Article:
VANCOUVER, B.C. – Though an agreement has been reached between several container truck companies that operate out of Port Metro Vancouver and Unifor, the union that represents the drivers, several thorns remain in the side of this ongoing issue.
Unifor announced Nov. 29 that six of the eight container truck companies working out of the port had agreed to a deal that will not expire until July 2019, a move the union’s B.C. area director Gavin McGarrigle called welcome news.
“Whenever you have labour rest for four years,” he said, “That’s a good news news story.”
McGarrigle said the fact that Unifor now had an agreement after having seen three disputes in the last 15 years, added to that good news news story, but it was also necessary to get the other two companies – Port Transport and Habour Link – on board, as that would ensure no further quarrels between the two parties until the summer of 2019 at the earliest.
The back-and-forth between Port Metro Vancouver companies and employees stems from the contention that drivers were not being paid what they should have been by the respective companies that employed them, which resulted in a strike in 2014.
In late November following an audit of several of the port’s container trucking businesses, the Office of the British Columbia Container Trucking Commissioner ruled that the companies were not paying drivers the retroactive rates that was agreed upon in March 2014.
McGarrigle claimed that both companies holding out on a deal had been the first to say that they wanted to be treated the same as all the other companies operating out of the port, but they now want to have it both ways.
“They have no one to blame but themselves,” McGarrigle said.
Unifor also contends that Harbour Link ‘was one of the main companies that has refused to pay the retroactive wages required.’
“Instead of bargaining a fair deal and following the law, Harbour Link has been fighting tooth and nail to avoid paying the wages it owes drivers and now it wants a different contract than that signed with other companies,” said McGarrigle. “With these six deals in hand, Port Transport and Harbour Link are extremely vulnerable to a loss of business. It is in their interest to get a deal as soon as possible.”
Truck West did attempt to contact Harbour Link, but has not yet received a reply.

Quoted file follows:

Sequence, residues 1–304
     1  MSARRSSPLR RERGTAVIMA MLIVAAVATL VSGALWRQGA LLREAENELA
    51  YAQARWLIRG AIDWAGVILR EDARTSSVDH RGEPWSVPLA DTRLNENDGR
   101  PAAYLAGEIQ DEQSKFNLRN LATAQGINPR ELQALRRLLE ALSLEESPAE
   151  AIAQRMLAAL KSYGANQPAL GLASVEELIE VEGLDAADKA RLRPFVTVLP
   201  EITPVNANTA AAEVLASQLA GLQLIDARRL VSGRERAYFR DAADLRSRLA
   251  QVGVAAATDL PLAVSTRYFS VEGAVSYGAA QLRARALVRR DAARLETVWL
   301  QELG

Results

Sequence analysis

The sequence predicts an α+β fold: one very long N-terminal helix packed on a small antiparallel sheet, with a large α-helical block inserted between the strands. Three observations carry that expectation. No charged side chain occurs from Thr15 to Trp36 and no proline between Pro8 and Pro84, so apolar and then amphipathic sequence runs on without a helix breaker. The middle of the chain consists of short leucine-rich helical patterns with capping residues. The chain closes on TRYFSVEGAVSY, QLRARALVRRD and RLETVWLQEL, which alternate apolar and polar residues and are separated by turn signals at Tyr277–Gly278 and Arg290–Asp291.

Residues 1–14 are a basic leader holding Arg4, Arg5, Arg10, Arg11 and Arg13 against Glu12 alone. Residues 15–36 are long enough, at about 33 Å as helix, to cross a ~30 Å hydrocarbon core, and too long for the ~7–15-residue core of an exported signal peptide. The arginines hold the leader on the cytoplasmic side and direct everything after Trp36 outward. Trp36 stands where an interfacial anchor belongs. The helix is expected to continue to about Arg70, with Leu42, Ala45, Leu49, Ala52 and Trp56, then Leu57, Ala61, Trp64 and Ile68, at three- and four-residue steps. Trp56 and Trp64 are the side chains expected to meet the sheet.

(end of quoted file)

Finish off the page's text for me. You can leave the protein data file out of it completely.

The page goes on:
The B.C. Trucking Association (BCTA) has been keeping quiet with regards to the matter of retroactive pay to drivers, despite representing many involved.
“The BCTA doesn’t have a position on this. The members that we represent are not unified on the subject,” BCTA president and CEO Louise Yako said, adding that due to the lack of consistency, the association could not speak on all their behalf.
Yako did say that there were other issues at Port Metro Vancouver the BCTA was actively pursuing that were not related to retroactive pay, including the current way licenses are constructed.
“It prohibits licenses to move with companies if the companies are sold,” explained Yako, saying there was a need to modify the license to allow it to go with the companies when they are sold, provided it does not circumvent any other license requirements.
Another issue the BCTA is working on is the matter of long-haul licensing, an initiative Port Metro Vancouver recently completed a consultation process with various stakeholders.
“There are a couple of things that they are proposing that we disagree with,” Yako said, “and one of them is the requirement that in order to qualify to be a long-haul container trucking company, you would have to use the same driver to transport a container through the Lower Mainland.”
Yako said there are several circumstances when a company could not use the same driver throughout the Lower Mainland, including regulator reasons, like hours of service limitations, if the shipping line changes and if a container is held by customs for inspection.
“Those are circumstances that are completely out of control of the trucking company that wouldn’t allow them to have the same driver operate the vehicle to transport the container throughout the Lower Mainland,” she said.
Reasons provided to the BCTA by the port on why it was seeking such a stipulation was to avoid potential for undercutting and competition of local drivers, whose compensation rates are regulated.
Yako, however, said that long-haul trucking companies were never supposed to be part of this dispute and should not require regulation in terms of rate structure.
Unifor continues to negotiate with the two container trucking companies holding out on a new agreement. McGarrigle said companies operating at the port are in competition with each other and that these kinds of situations can be common, but that Unifor was not going to allow the two opposed to set rates for the rest of the businesses that have already settled on a new agreement.
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